The UN special envoy for Afghanistan, Roza Otunbayeva, warned that funding for Afghanistan is likely to drop if women were not allowed to work.
Speaking at the UN Security Council, Otunbayeva said that the 20th December ban on higher education, and the 24th December ban on women working for NGOs will have serious consequences for the Afghan population and for the relationship between the Taliban and the international community.
“Funding for Afghanistan is likely to drop if women are not allowed to work. NGOs run by women, for example, have had to cease activities. If the amount of assistance is reduced, then the amount of US dollar cash shipments required to support that assistance will also decline,” she said.
Afghanistan remains the largest humanitarian crisis globally, she said, adding that two-thirds of the population, 28 million people, will need humanitarian assistance this year to survive.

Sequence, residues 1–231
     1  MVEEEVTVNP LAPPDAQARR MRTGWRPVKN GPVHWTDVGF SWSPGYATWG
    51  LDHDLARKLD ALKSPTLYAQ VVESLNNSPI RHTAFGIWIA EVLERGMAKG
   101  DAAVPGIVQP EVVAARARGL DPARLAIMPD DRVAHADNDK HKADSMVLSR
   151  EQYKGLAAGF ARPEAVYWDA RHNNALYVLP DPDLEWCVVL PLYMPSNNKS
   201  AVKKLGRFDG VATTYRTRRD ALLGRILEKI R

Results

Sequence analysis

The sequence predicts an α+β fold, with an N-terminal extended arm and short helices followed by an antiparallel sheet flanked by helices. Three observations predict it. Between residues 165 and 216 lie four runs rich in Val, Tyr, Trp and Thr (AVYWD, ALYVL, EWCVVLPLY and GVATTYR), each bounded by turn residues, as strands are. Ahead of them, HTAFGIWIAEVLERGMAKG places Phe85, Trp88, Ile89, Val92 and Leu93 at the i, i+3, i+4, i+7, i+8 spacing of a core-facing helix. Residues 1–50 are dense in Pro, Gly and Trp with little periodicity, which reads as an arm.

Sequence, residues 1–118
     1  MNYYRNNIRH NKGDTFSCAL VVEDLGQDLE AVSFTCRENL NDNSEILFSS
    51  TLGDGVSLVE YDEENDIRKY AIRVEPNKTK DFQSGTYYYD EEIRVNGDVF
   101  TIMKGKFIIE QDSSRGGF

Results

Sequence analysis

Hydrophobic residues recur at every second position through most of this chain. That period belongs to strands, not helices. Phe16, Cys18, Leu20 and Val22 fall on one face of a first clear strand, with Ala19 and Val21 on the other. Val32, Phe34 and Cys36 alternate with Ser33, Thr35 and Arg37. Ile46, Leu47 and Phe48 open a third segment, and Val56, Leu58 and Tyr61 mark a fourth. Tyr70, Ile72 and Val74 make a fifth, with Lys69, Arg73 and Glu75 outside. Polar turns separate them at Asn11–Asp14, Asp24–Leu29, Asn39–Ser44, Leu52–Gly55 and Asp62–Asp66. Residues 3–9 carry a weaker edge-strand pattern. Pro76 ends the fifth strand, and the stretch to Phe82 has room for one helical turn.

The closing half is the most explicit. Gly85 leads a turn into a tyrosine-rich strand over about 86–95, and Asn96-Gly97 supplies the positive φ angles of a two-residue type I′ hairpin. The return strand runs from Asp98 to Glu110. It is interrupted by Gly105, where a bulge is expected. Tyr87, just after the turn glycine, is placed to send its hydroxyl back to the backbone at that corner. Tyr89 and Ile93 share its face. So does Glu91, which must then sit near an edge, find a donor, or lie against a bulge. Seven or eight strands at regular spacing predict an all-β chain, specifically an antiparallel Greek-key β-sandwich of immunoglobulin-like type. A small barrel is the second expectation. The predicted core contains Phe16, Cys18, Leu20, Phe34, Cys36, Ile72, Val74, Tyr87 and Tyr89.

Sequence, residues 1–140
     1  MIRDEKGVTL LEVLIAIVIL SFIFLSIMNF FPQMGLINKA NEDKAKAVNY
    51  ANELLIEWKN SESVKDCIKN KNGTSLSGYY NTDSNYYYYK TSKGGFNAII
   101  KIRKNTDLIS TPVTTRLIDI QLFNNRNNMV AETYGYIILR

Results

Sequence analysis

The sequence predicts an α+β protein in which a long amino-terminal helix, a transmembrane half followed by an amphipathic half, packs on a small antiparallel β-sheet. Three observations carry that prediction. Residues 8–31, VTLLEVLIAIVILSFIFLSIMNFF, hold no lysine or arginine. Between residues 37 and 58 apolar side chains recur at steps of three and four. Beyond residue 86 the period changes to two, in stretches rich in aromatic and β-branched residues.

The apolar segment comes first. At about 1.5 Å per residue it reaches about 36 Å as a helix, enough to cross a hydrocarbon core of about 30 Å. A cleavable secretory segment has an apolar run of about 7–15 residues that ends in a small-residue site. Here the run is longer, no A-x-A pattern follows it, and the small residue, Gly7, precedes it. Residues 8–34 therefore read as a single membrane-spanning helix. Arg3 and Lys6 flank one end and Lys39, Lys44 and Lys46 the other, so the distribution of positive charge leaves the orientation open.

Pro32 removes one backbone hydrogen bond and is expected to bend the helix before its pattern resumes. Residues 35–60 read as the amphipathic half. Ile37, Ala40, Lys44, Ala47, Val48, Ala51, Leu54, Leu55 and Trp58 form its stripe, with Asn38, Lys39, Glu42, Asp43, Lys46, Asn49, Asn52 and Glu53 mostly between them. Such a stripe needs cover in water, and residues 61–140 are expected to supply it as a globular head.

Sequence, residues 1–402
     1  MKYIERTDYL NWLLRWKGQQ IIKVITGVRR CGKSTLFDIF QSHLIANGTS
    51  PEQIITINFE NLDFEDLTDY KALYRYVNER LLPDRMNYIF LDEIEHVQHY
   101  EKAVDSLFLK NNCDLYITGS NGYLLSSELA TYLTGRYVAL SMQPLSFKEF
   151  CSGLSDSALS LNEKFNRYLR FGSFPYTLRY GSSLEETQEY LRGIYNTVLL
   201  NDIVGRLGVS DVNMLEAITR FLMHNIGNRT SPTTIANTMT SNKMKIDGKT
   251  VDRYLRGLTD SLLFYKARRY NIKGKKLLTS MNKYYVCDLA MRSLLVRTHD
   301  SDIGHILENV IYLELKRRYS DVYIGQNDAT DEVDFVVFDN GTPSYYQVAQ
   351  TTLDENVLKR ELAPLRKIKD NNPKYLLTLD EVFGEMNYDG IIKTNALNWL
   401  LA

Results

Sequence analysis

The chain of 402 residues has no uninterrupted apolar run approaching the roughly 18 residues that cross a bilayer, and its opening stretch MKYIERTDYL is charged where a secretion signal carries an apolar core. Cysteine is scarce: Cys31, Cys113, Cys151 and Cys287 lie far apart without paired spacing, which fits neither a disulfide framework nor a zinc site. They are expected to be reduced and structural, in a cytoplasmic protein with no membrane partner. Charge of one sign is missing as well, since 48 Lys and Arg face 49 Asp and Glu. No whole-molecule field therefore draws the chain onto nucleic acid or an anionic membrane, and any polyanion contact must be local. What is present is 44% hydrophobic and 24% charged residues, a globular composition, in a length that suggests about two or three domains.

“This will cost $4.62 billion, the single-largest country appeal ever. Almost half of the population, 20 million people, are experiencing crisis levels of food insecurity,” Otunbayeva said.
But the Ministry of Economy said assistance to the people of Afghanistan is the responsibility of the international community.
The deputy Minister of Economy, Abdul Latif Nazari, said that the suspension of aid will have negative impacts on the situation in Afghanistan.
“Efforts are underway to keep the humanitarian aid on track through diplomatic ways. Not only the humanitarian aid but also the development aid as well to build the infrastructures of Afghanistan,” he said.
The economists believe that the suspension of humanitarian aid to Afghanistan would exacerbate the humanitarian crisis in the country.
“The wish of the Afghan people from the UN officials is to not politicalize the humanitarian aid and to not misuse the humanitarian aid for political purpose,” said Shabir Bashiri, an economist.